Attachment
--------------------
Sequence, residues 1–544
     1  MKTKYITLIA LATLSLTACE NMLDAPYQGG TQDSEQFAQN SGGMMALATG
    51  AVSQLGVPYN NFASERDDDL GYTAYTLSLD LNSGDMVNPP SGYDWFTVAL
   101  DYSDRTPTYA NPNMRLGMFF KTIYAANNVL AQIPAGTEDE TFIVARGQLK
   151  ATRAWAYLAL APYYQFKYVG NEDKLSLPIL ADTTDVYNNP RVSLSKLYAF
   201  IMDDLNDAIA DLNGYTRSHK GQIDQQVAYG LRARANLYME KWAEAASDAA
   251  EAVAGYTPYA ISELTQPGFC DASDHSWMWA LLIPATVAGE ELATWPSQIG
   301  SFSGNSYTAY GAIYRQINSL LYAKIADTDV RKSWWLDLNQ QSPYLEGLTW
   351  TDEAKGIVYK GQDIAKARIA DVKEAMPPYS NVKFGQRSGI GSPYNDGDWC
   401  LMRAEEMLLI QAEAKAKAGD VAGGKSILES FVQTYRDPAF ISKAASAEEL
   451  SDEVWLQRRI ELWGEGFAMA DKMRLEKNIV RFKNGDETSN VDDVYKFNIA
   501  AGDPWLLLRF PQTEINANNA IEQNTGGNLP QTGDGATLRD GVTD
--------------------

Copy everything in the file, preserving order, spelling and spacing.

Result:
Sequence, residues 1–544
     1  MKTKYITLIA LATLSLTACE NMLDAPYQGG TQDSEQFAQN SGGMMALATG
    51  AVSQLGVPYN NFASERDDDL GYTAYTLSLD LNSGDMVNPP SGYDWFTVAL
   101  DYSDRTPTYA NPNMRLGMFF KTIYAANNVL AQIPAGTEDE TFIVARGQLK
   151  ATRAWAYLAL APYYQFKYVG NEDKLSLPIL ADTTDVYNNP RVSLSKLYAF
   201  IMDDLNDAIA DLNGYTRSHK GQIDQQVAYG LRARANLYME KWAEAASDAA
   251  EAVAGYTPYA ISELTQPGFC DASDHSWMWA LLIPATVAGE ELATWPSQIG
   301  SFSGNSYTAY GAIYRQINSL LYAKIADTDV RKSWWLDLNQ QSPYLEGLTW
   351  TDEAKGIVYK GQDIAKARIA DVKEAMPPYS NVKFGQRSGI GSPYNDGDWC
   401  LMRAEEMLLI QAEAKAKAGD VAGGKSILES FVQTYRDPAF ISKAASAEEL
   451  SDEVWLQRRI ELWGEGFAMA DKMRLEKNIV RFKNGDETSN VDDVYKFNIA
   501  AGDPWLLLRF PQTEINANNA IEQNTGGNLP QTGDGATLRD GVTD